Activity 2: Naming Your Identity

Activity 2: Naming Your Identity
Activity 2: Naming Your Identity

Activity time: 55 minutes

Materials for Activity

  • Newsprint, markers, and tape
  • Paper or participant journals and pens/pencils

Preparation for Activity

  • Set out paper and pens/pencils.
  • Write this quote on newsprint and post:

Each of us has an original way of being human: each person has his or her own "measure." There is a certain way of being human that is my way. I am called upon to live my life in this way, and not in imitation of anyone else's life... This notion gives a new importance to being true to myself. If I am not, I miss the point of my life; I miss what being human is for me. -Charles Taylor, cultural philosopher

  • Write these questions on newsprint, but do not post:
    • How did you learn that this aspect of your identity was important to you?
    • Why would you feel "less human" if that were taken away? What is the deeper meaning behind that element?

Description of Activity

Read the posted quote aloud. Allow 10-15 seconds of silence at the close of the reading.

Explain the activity using these or similar words:

Think about an aspect of your identity-parent, sibling, ethnicity/race, musician, swimmer, etc.-that, if taken away from you, you'd "miss what being human is for you." Write down those identity elements or hold them in your mind. You will be invited to share yours in a small group reflection. You will have five minutes for thinking and writing.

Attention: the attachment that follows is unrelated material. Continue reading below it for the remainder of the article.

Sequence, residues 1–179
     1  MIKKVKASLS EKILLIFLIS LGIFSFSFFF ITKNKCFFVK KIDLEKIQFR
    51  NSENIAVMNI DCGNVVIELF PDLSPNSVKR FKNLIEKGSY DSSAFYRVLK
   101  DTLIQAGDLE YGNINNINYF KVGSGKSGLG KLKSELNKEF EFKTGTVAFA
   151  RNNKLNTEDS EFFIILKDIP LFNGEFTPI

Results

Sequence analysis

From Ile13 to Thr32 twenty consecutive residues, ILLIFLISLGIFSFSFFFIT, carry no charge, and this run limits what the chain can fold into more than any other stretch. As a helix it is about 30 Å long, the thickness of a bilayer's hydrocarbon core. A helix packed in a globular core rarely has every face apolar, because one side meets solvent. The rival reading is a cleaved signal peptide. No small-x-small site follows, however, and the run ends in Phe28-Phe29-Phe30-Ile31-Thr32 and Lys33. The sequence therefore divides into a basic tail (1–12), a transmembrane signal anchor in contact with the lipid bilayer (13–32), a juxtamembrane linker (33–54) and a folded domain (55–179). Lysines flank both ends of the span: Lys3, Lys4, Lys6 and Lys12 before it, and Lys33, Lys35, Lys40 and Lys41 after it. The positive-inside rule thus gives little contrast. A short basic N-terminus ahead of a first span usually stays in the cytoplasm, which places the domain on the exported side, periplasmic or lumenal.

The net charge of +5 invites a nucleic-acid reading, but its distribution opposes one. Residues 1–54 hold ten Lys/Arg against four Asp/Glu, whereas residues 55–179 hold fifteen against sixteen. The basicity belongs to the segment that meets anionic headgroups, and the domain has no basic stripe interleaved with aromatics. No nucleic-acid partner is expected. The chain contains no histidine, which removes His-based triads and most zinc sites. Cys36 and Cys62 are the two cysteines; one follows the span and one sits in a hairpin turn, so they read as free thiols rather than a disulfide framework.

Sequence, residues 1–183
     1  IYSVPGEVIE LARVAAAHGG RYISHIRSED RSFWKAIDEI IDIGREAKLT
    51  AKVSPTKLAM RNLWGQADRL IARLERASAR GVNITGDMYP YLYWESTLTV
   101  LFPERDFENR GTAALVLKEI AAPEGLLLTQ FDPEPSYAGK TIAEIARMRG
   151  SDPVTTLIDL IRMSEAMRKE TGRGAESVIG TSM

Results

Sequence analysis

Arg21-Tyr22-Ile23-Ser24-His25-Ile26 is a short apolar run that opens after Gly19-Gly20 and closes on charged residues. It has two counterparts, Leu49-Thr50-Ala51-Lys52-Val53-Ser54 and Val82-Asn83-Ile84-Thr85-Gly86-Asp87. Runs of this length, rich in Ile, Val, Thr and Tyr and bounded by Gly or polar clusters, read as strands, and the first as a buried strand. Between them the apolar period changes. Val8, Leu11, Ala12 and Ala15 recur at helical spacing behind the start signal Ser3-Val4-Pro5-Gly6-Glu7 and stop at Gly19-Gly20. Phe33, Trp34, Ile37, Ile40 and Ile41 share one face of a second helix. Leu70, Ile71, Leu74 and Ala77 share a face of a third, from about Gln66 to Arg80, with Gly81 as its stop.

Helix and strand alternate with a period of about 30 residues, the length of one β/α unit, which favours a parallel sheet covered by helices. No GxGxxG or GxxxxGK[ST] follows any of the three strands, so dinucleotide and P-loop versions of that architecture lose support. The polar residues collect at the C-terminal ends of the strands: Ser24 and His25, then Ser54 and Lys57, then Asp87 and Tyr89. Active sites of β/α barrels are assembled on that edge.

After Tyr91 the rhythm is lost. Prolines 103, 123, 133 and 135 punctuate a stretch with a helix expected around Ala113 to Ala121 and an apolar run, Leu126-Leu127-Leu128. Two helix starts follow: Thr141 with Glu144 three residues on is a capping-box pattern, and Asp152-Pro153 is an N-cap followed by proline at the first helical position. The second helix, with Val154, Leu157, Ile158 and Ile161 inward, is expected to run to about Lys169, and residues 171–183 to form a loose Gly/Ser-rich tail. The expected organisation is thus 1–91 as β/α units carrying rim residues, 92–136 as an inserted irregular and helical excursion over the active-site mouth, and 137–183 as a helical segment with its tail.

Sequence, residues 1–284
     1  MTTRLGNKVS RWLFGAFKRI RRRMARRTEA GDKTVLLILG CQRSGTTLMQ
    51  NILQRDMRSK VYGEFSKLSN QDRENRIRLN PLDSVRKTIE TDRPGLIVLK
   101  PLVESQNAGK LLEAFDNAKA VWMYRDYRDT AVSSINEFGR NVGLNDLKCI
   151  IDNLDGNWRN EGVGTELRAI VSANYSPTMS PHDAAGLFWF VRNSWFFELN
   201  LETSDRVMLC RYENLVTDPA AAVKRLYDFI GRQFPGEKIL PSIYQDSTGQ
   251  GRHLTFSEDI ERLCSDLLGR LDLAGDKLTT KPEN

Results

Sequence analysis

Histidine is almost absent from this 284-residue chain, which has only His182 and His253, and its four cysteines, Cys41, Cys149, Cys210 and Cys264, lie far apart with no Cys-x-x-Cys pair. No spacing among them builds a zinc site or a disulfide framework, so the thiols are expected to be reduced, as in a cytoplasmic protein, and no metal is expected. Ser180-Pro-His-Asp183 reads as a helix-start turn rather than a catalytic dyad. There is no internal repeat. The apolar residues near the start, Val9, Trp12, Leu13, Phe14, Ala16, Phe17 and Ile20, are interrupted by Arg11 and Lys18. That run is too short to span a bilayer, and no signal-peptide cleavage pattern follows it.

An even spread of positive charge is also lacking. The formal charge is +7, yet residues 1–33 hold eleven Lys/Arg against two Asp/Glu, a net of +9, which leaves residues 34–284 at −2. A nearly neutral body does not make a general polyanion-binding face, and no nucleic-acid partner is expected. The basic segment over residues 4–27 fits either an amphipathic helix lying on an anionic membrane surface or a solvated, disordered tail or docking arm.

Invite participants to form groups of three, and post the questions. Invite participants to take 30 minutes to each share one item on their lists, responding to the questions. Notify the small groups at the 10- and 20-minute intervals so everyone has a chance to share.

Invite participants to return to the larger group. Ask: What is the difference between something that "makes you human" and something that is a "characteristic" or "habit"? In other words, what makes for a "real or authentic identity"? Allow about 15 minutes for large group discussion.

Note to Facilitator (do not share with participants):

Possible responses include:

  • The element is connected to places, people, or significant life experiences such as where I grew up, important people I interacted with, rites of passage, etc.
  • The element represents a joyful time in my life when I felt whole or complete.
  • "XYZ" is important to me, and I have been oppressed because of that identity.

For more information contact religiouseducation@uua.org.

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